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At first Jade didn’t think her first video mixing the true crime content with ASMR performed well. However, after a month she realized that it actually performed 10 times better than her previous videos and amassed over 11,000 views. Data obtained by Mashable from YouTube’s internal analytics team showed that by combining true crime and ASMR, Empress ASMR’s channel has added over 10,000 subscribers in one year. Her oldest available upload is from mid-April 2019.

YouTube analytics also told us that in 2019, true crime videos were viewed over 2 billion times on YouTube. These views also increased by 30 percent in April 2020 compared to April 2019. So, why are people suddenly flocking to YouTube for true crime consumption? According to Julia Sirmons, a PhD candidate at Columbia University, true crime has always been a multimedia genre because “we want to hear the story retold in a way that speaks to our own experience as a true crime fan.” While books have long dominated the true crime world, Amanda Vicary, an associate professor at Illinois Wesleyan University and social psychologist notes that “not everyone is a reader.” According to Vicary, “all of these new outlets are just exposing people who would’ve always been interested in true crime into crime in the first place.”

And these creators have picked up that they can branch out to other mediums to find their audience. After six months of advice, storytimes, and makeup tutorials, YouTuber Savannah Brymer published her first true crime video. Similar to other YouTubers within this community, her first true crime video titled ‘WHERE IS HALEIGH CUMMINGS?’ beat nearly all her previous videos by hundreds of thousands of views. After noticing the higher view counts on her true crime content, Brymer started her podcast, Killer Instinct, where she covers the same cases she shares on her YouTube channel. Brymer told us that she knows true crime fans flock to different platforms for the same kind of content. “People who enjoy YouTube really like to kind of sit down and be able to hone in and really focus and see who I’m talking about and what really is going on,” Brymer said. “In the podcast, you have the leisure to do your own thing while you’re doing it.”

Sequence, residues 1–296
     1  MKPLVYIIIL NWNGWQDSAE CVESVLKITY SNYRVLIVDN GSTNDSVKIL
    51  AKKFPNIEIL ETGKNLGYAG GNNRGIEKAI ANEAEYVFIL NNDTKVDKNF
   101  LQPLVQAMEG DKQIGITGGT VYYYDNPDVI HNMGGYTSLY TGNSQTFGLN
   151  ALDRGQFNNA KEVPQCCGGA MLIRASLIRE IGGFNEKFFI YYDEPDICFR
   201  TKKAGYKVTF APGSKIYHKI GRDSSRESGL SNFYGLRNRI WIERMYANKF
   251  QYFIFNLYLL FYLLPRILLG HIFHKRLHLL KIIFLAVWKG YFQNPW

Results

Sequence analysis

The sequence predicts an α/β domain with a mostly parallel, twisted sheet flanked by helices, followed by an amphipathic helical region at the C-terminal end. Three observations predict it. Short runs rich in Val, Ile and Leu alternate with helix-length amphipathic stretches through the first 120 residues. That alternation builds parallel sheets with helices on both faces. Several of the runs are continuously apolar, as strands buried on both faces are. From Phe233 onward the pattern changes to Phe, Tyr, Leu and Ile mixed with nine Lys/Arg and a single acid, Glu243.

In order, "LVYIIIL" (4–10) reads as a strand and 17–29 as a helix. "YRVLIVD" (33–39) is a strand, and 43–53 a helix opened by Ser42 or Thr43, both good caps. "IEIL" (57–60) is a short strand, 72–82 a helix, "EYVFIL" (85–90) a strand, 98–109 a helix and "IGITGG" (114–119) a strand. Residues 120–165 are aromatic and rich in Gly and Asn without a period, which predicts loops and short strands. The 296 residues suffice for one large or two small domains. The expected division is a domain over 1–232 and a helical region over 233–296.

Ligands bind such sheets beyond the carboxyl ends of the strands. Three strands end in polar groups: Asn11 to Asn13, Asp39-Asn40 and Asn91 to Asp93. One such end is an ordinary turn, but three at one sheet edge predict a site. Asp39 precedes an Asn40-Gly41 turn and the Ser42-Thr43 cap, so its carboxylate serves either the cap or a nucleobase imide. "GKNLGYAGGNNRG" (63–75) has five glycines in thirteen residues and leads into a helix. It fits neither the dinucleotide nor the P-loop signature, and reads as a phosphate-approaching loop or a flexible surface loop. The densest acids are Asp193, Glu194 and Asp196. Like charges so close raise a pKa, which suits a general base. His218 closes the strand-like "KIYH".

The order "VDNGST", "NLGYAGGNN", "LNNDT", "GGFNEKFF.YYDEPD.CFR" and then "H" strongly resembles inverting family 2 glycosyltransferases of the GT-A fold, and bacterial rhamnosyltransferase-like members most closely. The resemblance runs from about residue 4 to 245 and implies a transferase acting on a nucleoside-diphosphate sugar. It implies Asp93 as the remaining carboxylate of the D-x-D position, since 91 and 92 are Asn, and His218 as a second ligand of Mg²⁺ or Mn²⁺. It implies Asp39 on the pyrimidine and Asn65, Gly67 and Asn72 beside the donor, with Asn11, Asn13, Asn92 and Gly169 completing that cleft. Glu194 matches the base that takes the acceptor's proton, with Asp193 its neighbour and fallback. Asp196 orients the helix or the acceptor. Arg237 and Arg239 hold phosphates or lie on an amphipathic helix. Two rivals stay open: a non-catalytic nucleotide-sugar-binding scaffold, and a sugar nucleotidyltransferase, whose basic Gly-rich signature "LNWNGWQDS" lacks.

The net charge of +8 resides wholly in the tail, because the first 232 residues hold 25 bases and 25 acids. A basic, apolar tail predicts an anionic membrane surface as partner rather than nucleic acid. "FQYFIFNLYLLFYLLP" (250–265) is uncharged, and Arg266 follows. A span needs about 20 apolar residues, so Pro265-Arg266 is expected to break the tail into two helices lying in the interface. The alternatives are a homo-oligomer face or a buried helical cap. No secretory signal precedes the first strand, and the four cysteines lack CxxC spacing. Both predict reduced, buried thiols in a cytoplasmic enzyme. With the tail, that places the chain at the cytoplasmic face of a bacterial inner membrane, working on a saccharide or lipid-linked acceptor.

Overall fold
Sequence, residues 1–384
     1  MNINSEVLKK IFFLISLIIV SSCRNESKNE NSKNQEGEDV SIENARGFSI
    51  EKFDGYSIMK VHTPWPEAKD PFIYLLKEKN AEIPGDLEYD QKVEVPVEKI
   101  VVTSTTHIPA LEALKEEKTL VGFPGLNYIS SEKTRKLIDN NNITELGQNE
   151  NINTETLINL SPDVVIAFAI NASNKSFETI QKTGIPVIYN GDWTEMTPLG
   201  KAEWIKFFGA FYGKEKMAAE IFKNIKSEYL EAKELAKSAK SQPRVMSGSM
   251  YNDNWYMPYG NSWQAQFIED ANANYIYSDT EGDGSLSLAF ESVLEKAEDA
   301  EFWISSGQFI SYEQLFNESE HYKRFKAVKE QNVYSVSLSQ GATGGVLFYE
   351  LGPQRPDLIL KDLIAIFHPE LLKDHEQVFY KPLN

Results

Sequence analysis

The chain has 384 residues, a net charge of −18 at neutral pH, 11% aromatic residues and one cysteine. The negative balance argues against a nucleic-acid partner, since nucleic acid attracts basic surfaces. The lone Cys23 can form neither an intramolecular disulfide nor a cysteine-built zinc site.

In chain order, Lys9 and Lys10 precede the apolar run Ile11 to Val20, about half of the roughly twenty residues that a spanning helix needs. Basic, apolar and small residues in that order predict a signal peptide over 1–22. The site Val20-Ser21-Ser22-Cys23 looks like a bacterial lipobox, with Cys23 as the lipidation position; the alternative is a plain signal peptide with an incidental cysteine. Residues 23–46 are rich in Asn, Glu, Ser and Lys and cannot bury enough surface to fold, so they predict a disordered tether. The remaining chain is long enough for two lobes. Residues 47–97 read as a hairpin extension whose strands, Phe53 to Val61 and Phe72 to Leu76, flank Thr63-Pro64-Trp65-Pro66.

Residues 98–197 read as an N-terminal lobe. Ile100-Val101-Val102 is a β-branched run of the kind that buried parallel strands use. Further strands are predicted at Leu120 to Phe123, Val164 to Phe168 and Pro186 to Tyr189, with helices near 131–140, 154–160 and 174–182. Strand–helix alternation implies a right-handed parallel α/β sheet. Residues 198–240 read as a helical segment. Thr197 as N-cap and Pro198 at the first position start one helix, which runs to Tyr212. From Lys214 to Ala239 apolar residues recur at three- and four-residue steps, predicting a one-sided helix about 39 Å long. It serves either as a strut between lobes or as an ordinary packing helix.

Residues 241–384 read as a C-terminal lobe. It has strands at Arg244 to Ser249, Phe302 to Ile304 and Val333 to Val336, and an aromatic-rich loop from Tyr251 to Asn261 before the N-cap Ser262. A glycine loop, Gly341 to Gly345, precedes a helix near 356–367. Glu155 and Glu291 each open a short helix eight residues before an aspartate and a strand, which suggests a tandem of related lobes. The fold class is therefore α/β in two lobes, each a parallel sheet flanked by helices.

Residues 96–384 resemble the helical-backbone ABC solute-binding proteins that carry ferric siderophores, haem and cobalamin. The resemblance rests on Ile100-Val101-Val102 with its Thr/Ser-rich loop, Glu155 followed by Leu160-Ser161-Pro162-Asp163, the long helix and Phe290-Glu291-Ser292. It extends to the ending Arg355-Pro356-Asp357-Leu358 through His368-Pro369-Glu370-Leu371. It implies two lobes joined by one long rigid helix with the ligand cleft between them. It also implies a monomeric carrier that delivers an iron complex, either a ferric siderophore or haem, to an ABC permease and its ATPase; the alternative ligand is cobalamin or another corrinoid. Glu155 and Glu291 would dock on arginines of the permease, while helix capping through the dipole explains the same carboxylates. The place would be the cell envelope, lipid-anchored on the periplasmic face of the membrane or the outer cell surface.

“I think it’s really hit on something that a lot of people enjoy and find useful even if they don’t realize it.”

YouTube is known for being a platform that allows ordinary people to become creators, often finding massive success and sometimes fame. So, it’s no surprise that these “amateur” YouTubers are finding success in true crime. Sarian, Brymer, and Jade research, film, and edit their content all on their own. And, based on statistics obtained from YouTube, Sarian is currently one of the top true crime YouTube channels sitting at over 1 million subscribers. 

But with its increase in demand and influx in creators, will we ever see the genre plateau and run out of new ideas? “I don’t know when it’s going to stop,” Vicary said. “I think it’s really hit on something that a lot of people enjoy and find useful even if they don’t realize it.” 

For these YouTubers and their peers, mastering one genre wasn’t enough to get noticed. Their path towards internet notoriety has been full of twists and turns that has led them to dip into discussing grisly details of murder cases. These creators had to stand out in the space by finding a way to mesh one niche community in with true crime. And, since making that switch, their videos have reached significantly bigger audiences and carved a path for them to become some of the leading names in the genre on YouTube.